Representatives of the United States, Germany and other Western governments Thursday sharply condemned the conviction of opposition leader Alexei Navalny, saying the ruling represented the highest point in a crackdown by Russian authorities on the opposition.
The foreign governments, which also included the U.K. and other European Union member states, said they were outraged by the verdict issued by a Kirov court sentencing Navalny to five years in prison and emphasized the supposed political motives of the trial. Following the reactions, Russian observers said the ruling would likely significantly worsen Russia's relations with foreign states.
"The sentencing of Alexei Navalny, like those before him, is against Russia's own interests and proves that this is not a government with which the European Union should entertain a strategic partnership," former Belgian Prime Minister Guy Verhofstadt, who heads the centrist ALDE group in the European Parliament, said in a statement.
"We are deeply disappointed in the conviction of Navalny and the apparent political motivations in this trial," said U.S. Ambassador to Russia Michael McFaul on Twitter, adding that representatives of the U.S. Embassy had been observing the trial and were going to pass information on it to the U.S. government.
U.K. Foreign Secretary William Hague said the verdict showed that there was selective justice in Russia and a lack of adherence to international human rights obligations. The European Union called the charges against Navalny "unsubstantiated" and said the sentence posed "serious questions" about the rule of law in Russia. EU foreign policy chief Catherine Ashton said in a statement that the EU hoped the sentence would be reconsidered in the appeal process.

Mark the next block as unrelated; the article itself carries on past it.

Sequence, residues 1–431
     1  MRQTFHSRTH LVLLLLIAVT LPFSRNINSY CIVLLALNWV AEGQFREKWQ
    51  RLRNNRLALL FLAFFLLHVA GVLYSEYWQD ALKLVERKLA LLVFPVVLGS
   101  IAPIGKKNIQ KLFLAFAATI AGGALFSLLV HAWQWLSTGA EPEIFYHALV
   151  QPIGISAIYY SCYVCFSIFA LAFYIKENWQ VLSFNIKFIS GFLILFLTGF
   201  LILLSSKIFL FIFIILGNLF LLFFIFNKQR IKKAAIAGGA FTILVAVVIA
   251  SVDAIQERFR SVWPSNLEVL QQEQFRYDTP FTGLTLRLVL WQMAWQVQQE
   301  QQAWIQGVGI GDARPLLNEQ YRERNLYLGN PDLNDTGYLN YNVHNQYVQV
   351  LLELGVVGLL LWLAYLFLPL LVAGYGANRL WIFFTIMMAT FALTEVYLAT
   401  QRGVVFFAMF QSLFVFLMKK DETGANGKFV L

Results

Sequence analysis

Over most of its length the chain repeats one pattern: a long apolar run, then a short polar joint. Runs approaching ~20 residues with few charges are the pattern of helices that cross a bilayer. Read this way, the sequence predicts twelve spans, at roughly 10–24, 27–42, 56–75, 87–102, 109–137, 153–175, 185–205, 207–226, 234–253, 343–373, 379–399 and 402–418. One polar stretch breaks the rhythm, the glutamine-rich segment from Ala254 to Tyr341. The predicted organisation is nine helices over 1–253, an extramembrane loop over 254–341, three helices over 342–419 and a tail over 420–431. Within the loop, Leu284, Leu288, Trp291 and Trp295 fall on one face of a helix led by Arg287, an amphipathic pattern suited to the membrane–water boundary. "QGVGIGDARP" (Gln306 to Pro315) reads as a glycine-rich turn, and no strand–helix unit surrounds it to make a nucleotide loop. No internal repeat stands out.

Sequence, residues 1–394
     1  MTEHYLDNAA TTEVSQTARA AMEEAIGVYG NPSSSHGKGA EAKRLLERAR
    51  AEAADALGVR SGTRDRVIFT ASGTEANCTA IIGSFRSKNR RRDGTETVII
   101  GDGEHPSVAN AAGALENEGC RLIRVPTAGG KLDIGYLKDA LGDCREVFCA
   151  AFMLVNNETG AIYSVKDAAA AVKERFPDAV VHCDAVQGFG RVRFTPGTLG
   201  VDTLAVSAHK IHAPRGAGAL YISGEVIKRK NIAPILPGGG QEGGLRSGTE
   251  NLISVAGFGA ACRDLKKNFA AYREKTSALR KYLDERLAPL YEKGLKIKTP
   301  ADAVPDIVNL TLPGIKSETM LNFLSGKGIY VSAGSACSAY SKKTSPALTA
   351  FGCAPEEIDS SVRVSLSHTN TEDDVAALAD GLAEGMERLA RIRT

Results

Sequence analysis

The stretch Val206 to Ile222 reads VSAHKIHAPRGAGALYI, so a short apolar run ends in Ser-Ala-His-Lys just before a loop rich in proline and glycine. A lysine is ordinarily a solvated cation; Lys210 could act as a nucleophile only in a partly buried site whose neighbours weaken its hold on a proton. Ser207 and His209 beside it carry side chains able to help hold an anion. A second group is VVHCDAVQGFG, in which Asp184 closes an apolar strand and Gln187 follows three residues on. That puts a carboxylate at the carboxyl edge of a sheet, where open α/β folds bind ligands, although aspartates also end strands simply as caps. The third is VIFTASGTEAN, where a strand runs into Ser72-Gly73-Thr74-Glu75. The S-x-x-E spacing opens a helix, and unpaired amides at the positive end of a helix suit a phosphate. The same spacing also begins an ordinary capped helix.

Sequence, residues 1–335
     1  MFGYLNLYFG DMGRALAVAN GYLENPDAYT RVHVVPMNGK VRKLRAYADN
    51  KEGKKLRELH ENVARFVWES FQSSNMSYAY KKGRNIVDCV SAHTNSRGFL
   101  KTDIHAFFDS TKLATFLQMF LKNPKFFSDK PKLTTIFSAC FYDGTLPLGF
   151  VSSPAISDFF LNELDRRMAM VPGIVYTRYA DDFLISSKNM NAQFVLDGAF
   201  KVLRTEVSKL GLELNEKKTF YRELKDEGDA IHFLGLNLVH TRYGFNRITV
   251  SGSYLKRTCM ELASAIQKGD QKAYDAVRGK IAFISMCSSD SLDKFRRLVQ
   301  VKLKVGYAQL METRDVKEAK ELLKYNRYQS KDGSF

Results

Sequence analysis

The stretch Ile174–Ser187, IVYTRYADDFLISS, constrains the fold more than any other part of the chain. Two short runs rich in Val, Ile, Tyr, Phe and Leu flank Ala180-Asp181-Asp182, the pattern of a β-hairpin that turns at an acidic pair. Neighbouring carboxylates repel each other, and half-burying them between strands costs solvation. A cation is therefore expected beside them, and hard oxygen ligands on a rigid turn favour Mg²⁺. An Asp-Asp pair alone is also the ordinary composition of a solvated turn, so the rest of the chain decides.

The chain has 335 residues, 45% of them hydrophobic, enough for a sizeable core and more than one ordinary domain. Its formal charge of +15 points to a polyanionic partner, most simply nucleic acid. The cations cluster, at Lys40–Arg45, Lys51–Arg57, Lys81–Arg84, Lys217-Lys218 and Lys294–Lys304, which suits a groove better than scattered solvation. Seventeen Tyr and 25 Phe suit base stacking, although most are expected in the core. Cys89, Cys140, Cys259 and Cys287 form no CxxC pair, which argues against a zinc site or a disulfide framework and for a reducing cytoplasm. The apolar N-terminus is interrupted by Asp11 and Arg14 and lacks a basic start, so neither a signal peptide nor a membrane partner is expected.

International human rights groups joined the chorus of criticism regarding the ruling, with Human Rights Watch calling the verdict "shockingly predictable." The group's deputy director for Europe and Central Asia, Rachel Denber, said it was impossible "to see this case through any lens other than a political one." Amnesty International called the trial a "parody" and called for Navalny's immediate release.
Russian observers warned that the verdict could bring about a further cooling of relations between Russia and foreign states.
"This man [Navalny] isn't my associate, but I think this verdict is awful and will lead to disastrous results for Russia," said Svetlana Gannushkina, a veteran human rights activist and head of the Civil Assistance committee, in comments carried by Interfax.
Navalny topped the worldwide Twitter trends at one point Thursday, with many top foreign officials turning to the microblogging service just after the verdict to express concern.
Latvian Foreign Minister Edgars Rinkevics called on the Council of Europe and OSCE not to be silent about "politically motivated justice well-established in Russia," while Heidi Hautala, Finland's International Development Minister, said Navalny's five-year sentence must be "the final wake up call for [the] international community about the crackdown on civil society."
The announcement of the verdict coincided with the 95th birthday of Nelson Mandela, the former South African revolutionary leader who spent 27 years in prison before becoming president, in what many Twitter users called an "amusing coincidence." President Vladimir Putin issued a statement congratulating Mandela on his birthday.
Navalny expressed presidential ambitions earlier this year, but under current Russian law he would be prevented from running in the next election in 2018 due to his conviction Thursday.
The French association Russie-Libertés and the American Russian-Speaking Association for Civil and Human Rights created an online petition asking the United Nations High Commissioner for Human Rights to give his assessment of the Navalny verdict. More than 16,000 people had signed the petition as of Thursday.